Thursday, 28 November 2013

The process of creation

It is common knowledge that Purandara Dasa (1484-1564) spent a fairly long time in Hampi or Vijayanagar, the capital of the Vijayanagar Kingdom.
Purandara Dasa was a close and favourite disciple of Vyasa Raja who was the royal preceptor of six Vijayanagar Emperors, including Krishna Deva Raya (1509-1530). Wherever Vyasa Raja went, Purandara too went.
When at Hampi, Purandara Dasa composed his poems and sang on the glories of Vittala from the Purandara Mantapa located amid the Tungabhadra. He also visited along with Vyasa Raja and others the now ruined Vijaya Vittala or Vittala temple.
This temple has played a major role in the emergence of the Dasa Sahitya and Sangeeta as Purandara Dasa is believed to have taken inspiration from this magnificent structure and the Vittala idol  to compose thousands of his songs. (Purandara Dasa is believed to have composed 4,75,000 songs).
The beautiful Vijaya Vittala temple, which had been embellished by several Emperors over a period of time, the Purandara Mantapa nearby, the fast flowing Tungabhadra and the incredible stone chariot that stands in the courtyard of the temple gave Purandara Dasa the necessary inspiration to compose some of his most famous songs.
We could not be too far away from the mark if we said that the process of literary creation for Purandara Dasa commenced from within this temple. What adds strength to this argument is that the temple even today displays evidence of  Madhwa influence.
All the Haridasas were Madhwas and so was Purandara Dasa who was a great devotee of Purandara Vittala. Since Pandrapur was several hundred kilometers from Hampi, Purandara Dasa frequented this temple and idolised the Vittala in innumerable compositions.
The temple was originally built in the 15th century and successive kings, including Krishna Deva Raya, Achuta Deva Raya and Aliya Rama Raya have added to the temple’s architecture by adding to the present form.
Even today, we can see the remains of a locality or township called Vittalapura that existed around this temple. Though the township is gone, the ruins are in place. We can also see the influence that Purandara Dasa wielded on the literary and musical field of Vijayanagar when we visit the temple.         
The pillared hall of the Vijaya Vittala Temple, which is known all over the world for producing musical notes, was constructed by Udayagiri Thimmaraju, a relative of Aliya Ramaraya and a follower of Sri Vaishnava tradition. Thimmaraju built the pillared hall as per the instructions of his guru Kandade Bhuvanacharya of Srirangam.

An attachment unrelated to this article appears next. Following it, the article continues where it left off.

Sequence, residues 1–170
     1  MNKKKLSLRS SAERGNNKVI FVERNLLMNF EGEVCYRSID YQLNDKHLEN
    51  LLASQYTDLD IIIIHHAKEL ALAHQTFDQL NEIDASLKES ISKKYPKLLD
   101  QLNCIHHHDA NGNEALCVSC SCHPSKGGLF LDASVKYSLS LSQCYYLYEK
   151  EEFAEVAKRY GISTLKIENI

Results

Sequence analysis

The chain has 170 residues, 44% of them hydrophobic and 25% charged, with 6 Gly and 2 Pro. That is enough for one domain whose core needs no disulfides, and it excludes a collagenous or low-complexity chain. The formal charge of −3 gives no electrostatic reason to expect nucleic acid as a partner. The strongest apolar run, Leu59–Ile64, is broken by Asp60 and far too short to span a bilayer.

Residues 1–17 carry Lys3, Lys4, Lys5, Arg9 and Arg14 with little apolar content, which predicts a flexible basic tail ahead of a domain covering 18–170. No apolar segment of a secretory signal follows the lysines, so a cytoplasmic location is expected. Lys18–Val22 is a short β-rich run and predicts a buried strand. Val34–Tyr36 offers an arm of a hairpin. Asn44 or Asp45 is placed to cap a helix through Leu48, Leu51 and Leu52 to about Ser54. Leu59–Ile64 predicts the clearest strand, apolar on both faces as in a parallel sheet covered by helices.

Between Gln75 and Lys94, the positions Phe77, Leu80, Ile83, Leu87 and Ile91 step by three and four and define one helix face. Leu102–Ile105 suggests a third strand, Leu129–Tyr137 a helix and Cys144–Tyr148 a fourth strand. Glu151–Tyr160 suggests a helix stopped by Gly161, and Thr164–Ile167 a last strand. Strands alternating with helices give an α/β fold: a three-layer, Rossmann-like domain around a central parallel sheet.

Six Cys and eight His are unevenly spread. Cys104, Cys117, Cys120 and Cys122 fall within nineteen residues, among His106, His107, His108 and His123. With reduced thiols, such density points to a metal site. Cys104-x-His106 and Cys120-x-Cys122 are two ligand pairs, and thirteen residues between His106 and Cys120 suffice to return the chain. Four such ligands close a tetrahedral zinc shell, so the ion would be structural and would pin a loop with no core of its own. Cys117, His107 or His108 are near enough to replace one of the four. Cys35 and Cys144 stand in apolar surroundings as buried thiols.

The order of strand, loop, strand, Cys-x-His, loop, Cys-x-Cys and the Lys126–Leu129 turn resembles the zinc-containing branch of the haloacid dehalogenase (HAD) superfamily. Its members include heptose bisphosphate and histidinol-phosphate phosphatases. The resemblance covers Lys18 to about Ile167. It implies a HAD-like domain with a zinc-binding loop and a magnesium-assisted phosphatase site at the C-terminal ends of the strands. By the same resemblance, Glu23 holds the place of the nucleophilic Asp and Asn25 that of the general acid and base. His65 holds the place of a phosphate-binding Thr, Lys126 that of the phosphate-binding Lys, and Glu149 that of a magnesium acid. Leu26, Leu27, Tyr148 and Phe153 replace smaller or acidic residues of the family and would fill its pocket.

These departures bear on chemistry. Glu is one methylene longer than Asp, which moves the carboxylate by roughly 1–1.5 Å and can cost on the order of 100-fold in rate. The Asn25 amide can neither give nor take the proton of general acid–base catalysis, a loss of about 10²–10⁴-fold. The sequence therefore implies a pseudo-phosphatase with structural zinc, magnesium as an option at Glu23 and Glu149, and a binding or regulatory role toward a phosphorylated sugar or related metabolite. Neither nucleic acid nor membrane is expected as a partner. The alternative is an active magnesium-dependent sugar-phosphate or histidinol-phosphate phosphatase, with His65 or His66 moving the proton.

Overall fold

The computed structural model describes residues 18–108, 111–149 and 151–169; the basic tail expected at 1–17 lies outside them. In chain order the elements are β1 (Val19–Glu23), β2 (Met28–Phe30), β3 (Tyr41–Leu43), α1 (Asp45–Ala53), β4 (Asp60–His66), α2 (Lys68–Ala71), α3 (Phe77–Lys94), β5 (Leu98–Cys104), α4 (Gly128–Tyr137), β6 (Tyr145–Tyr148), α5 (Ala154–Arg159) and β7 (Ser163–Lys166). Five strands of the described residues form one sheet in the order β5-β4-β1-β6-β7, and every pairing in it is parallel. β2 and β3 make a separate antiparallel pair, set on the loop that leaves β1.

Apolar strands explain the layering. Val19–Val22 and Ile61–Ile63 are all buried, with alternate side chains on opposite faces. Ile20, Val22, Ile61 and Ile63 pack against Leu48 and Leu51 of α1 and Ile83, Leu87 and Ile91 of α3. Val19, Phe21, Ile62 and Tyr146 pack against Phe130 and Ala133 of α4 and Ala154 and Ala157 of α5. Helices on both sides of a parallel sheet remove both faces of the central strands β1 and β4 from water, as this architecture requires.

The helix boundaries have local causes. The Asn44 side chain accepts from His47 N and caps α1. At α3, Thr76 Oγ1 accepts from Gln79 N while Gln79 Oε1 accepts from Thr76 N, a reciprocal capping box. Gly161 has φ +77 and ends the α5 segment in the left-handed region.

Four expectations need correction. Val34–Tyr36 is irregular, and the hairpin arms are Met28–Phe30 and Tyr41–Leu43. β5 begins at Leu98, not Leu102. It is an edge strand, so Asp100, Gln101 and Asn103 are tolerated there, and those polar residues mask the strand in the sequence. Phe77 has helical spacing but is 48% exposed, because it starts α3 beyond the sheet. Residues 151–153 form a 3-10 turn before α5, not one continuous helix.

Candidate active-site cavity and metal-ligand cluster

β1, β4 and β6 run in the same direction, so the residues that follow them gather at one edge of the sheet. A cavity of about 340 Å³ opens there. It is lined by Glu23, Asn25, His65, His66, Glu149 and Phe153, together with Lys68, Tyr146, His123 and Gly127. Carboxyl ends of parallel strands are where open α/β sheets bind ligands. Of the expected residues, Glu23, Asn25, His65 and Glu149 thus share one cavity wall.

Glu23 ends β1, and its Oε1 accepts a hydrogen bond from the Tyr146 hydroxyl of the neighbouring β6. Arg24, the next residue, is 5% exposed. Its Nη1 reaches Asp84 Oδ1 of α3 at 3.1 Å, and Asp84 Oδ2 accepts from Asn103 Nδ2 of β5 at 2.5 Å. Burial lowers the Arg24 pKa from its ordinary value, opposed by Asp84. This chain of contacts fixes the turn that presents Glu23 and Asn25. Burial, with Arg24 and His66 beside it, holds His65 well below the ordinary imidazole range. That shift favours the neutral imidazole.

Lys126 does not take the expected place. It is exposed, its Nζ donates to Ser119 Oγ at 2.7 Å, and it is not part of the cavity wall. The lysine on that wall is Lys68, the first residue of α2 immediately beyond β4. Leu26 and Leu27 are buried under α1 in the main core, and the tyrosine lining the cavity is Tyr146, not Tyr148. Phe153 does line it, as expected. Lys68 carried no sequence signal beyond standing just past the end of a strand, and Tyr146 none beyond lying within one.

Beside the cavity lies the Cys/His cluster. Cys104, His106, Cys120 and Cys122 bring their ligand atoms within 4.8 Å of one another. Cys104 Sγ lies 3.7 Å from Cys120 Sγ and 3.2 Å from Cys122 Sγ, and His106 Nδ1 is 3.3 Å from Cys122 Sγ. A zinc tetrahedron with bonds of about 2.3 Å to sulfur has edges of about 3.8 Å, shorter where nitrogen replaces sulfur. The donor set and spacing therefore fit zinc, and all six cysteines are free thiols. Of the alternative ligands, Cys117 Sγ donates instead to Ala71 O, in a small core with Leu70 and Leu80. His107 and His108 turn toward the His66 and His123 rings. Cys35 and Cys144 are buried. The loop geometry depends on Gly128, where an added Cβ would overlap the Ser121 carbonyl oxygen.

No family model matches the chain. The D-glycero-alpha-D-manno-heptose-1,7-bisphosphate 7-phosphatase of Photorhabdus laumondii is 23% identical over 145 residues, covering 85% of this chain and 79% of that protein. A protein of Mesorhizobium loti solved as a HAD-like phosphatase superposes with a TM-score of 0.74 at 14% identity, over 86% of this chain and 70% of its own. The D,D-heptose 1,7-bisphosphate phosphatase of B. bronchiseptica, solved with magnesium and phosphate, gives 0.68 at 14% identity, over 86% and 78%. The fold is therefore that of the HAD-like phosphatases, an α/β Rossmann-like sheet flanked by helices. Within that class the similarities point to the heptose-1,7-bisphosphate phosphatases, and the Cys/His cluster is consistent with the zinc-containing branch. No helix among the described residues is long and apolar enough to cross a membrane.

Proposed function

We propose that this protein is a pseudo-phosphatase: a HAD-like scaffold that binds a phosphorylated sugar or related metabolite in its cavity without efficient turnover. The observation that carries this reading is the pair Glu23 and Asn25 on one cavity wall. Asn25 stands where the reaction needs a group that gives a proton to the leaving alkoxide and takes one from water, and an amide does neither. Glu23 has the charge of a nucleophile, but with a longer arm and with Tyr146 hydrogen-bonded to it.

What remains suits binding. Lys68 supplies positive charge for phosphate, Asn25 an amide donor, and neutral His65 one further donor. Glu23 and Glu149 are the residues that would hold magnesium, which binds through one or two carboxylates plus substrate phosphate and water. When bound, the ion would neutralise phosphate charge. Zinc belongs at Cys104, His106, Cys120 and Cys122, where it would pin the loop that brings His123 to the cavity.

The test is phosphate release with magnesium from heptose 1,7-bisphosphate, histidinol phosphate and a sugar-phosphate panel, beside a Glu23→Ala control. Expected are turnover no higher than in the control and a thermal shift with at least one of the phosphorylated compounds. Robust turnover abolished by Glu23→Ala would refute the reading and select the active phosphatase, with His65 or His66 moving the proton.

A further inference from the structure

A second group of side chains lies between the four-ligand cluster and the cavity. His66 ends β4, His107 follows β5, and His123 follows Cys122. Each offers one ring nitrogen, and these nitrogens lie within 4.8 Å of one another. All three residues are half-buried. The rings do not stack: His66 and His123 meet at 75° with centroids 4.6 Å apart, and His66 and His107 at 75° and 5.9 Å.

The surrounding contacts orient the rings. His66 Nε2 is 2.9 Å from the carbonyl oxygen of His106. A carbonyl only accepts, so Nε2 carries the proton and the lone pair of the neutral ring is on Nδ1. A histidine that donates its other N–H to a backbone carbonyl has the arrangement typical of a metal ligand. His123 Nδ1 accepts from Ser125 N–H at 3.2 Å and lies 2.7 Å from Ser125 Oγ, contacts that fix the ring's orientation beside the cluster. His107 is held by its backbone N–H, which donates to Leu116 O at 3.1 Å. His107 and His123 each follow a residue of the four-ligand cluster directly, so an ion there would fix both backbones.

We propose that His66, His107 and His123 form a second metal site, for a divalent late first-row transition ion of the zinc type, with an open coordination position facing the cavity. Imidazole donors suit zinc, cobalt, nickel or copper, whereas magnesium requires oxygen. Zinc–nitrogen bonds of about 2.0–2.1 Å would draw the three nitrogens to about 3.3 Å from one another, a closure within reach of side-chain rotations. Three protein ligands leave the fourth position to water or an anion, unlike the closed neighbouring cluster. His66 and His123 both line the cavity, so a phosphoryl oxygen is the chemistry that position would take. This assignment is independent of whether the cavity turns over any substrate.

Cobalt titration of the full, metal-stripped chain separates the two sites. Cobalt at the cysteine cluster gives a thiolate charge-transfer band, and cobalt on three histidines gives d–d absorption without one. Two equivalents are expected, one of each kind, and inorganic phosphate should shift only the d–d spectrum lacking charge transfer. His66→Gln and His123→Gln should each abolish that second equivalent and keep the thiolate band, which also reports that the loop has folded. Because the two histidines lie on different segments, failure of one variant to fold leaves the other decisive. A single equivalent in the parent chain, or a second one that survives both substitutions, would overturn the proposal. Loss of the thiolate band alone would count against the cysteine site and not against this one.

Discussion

There are records to prove that the maha ranga mantapa built by  Krishnadevaraya at  Virupaksha temple, was taken as a model for constructing this pillared hall.
The pillared hall has scores of sculptures and many of them are dedicated to Narasimha.In one of the pillars we can still see sculpted images of  Sri Krishna Leela, Purandara Vittala and Purandara Dasa.
There are many sculptures in this hall that will remind us of the compositions of this great Dasa. The exquisitely carved sculptures of  Narasimha reminds us of several compositions where he has written about this God, an avatar of Vishnu.
There are several compositions where Purandara Dasa has referred to Krishna leelas. The sculpture on Kalinga mardhana also reminds us of this Dasa’s compositions on the incident.
Apart from these carvings, there are a number of inscriptions referring to Vyasa Raja or Vyasa Theertha, the Rajguru.
There is also an inscription in front of the Yoga Varada Narasimha Temple which is said to have been built by Vyasa Raja.
Vyasa Raja stayed in Hampi during his last days and he left the world in 1534. Purandara Dasa was a witness to the entombment of the venerable Vyasa Raja at Nava Brindavana, a few kilometers down the Vijaya Vittala temple.
As far as Purandara Dasa is concerned, he stayed at the Purandara Mantapa after the passing away of Vyasa Raja and composed several hundred devaranamas. He is believed to have passed away at the Purandara Mantapa in 1564.  
Apart from the Vijaya Vittala temple, there are several other temples that were the cradle of Haridasa sahitya. Unfortunately, many of those temples have been vandalised and completely destroyed by the Muslim Deccan states in 1565. Only a few like the Vijaya Vittala and Virupaksha, Hazari Rama remain.   
The Purandara mantapa today has a small statue of Purandara Dasa with the tamburi, a classical music instrument. The pavilion is used to celebrate many religious festivals even today.
The Vijaya Vittala temple and the stone chariot are major tourist attractions of Hampi. They are situated northeast of Hampi and just opposite the village of Anegondi.
The road leading to the temple was once a market where horses from Arabia and Portugal were traded. Even today, we can see the ruins of the market on both the sides of the road. Interestingly, the temple contains carvings of foreigners selling horses.
It is very fitting that the temple is the venue of the annual Purandara Dasa festival which attracts thousands of  music lovers and students.

No comments:

Post a comment